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New research from security company Kaspersky Labs suggests that the use of ransomware is now so widespread that nearly every moment, a ransomware attack is being launched somewhere in the world on businesses and consumers.

Ransomware, or malicious software that infiltrates computer systems and uses tools like encryption to deny access or hold data “hostage” for a ransom, is becoming an epidemic. According to Kaspersky’s data, ransomware attacks increased threefold between January and September 2016. Forty-two percent of small and medium-sized businesses were hit with ransomware attacks, while individual consumer attacks escalated from one every twenty seconds to one every ten. Ransoms demanded typically range from $500 to $1,000, but some criminals have demanded as much as $30,000, and only one in five small- to medium-sized companies have been able to retrieve their data after payment.

The threat is so great that Federal Trade Commission (FTC) held a workshop on ransomware on September 7, 2016. In her opening remarks, FTC Chairwoman Edith Ramirez cautioned businesses to be aware of the dangers of ransomware, and to adhere to FTC recommendations.

As a follow-up to the workshop, the FTC released ransomware guidelines on November 10, 2016, including a video outlining the dangers. The guidance offers four important steps that the FTC believes businesses should adopt to minimize the risk of ransomware threats:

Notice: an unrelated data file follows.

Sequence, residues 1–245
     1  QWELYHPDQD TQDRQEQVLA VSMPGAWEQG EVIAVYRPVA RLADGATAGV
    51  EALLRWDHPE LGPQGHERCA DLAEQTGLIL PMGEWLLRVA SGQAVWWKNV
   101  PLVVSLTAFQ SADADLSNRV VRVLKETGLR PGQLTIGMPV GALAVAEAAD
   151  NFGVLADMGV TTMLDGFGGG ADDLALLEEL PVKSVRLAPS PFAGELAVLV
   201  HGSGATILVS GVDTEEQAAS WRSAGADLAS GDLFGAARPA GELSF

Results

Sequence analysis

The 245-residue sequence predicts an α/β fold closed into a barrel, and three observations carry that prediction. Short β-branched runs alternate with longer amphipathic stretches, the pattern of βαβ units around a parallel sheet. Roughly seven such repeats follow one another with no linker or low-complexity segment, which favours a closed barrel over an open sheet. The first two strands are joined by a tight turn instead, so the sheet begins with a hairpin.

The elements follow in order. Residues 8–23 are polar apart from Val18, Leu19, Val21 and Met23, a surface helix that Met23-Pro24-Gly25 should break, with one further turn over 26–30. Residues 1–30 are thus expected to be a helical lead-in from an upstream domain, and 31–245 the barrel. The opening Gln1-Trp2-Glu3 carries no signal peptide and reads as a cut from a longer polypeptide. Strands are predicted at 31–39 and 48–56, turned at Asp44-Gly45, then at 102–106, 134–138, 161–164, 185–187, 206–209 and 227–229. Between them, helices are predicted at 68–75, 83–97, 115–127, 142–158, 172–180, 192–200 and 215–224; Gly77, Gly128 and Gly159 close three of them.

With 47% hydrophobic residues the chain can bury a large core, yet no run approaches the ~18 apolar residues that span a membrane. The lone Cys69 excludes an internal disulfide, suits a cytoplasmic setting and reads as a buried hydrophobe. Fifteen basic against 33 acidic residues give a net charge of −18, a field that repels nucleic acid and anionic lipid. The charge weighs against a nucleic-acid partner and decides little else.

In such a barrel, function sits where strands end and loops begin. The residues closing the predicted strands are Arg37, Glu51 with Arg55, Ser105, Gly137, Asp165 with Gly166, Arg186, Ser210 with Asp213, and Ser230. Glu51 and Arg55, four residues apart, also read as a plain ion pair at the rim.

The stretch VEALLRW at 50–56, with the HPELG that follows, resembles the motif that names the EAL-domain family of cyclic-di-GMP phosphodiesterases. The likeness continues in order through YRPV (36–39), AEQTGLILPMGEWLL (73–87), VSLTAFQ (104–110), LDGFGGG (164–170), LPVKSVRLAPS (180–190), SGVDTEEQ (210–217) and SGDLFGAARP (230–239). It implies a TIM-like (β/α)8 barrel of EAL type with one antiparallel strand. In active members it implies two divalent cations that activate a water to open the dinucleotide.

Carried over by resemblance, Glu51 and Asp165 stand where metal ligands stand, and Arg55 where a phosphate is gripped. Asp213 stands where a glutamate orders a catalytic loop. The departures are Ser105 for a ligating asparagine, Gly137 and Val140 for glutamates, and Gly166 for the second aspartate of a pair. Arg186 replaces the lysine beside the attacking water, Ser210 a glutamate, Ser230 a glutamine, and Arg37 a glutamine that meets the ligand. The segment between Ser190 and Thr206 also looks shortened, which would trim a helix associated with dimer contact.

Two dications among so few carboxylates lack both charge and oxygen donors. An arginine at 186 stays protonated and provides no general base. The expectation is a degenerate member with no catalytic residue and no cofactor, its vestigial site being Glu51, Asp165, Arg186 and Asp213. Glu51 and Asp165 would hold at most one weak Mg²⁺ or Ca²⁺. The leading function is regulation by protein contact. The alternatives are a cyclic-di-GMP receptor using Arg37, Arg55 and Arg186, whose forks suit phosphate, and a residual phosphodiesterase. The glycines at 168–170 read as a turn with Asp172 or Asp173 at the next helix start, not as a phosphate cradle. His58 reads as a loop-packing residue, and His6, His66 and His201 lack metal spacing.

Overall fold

• Training and education. Implement education and awareness programs to train employees to exercise caution online and avoid phishing attacks.
  • Cyber hygiene. Practice good security by implementing basic cyber hygiene principles. Cyberhygiene initiatives include important steps:
    • Assess the computers and devices connected to networks to proactively identify the scope of potential exposure to malware.
    • Identify technical measures that can mitigate risk, including endpoint security products, email authentication, intrusion prevention software, and web browser protection.
    • Implement procedures to keep security current. Update and patch third-party software to eliminate known vulnerabilities.
  • Back up your data early and often.
    • Identify business-critical data in advance and establish regular and routine backups.
    • Keep backups disconnected from your network so that you can rely on them in the event of an attack.
  • Prepare for an attack. Develop and test incident response and business continuity plans.

The FTC also advises victims of ransomware on three steps they should adopt in response to attacks:

  • Contain the attack. Disconnect infected devices from your network to keep ransomware from spreading.
  • Restore your computer. If you’ve backed up your files, and removed any malware, you may be able to restore your computer. Follow the instructions from your operating system to re-boot your computer, if possible.
  • Contact law enforcement. Report ransomware attacks to the Internet Crime Complaint Center or an FBI field office. Include any contact information (like the criminals’ email address) or payment information (like a Bitcoin wallet number). This may help with investigations.

Generally, authorities do not recommend that businesses pay the ransom. Too often they simply get higher demands, become targets again, or don’t get the data back.

It is also important for businesses to remember that ransomware attacks often constitute data breaches that may be reportable under federal or state data breach notification laws. Conducting tabletop exercises to educate staff and test preparedness is helpful.

The FTC’s recommendations are consistent with overall steps that the Commission and other experts have recommended to address data breaches. It’s important for business to pay attention to this sort of FTC guidance. The only thing worse than being held hostage by ransomware perpetrators is being held hostage and then also facing an FTC inquiry for alleged failure to adequately safeguard data.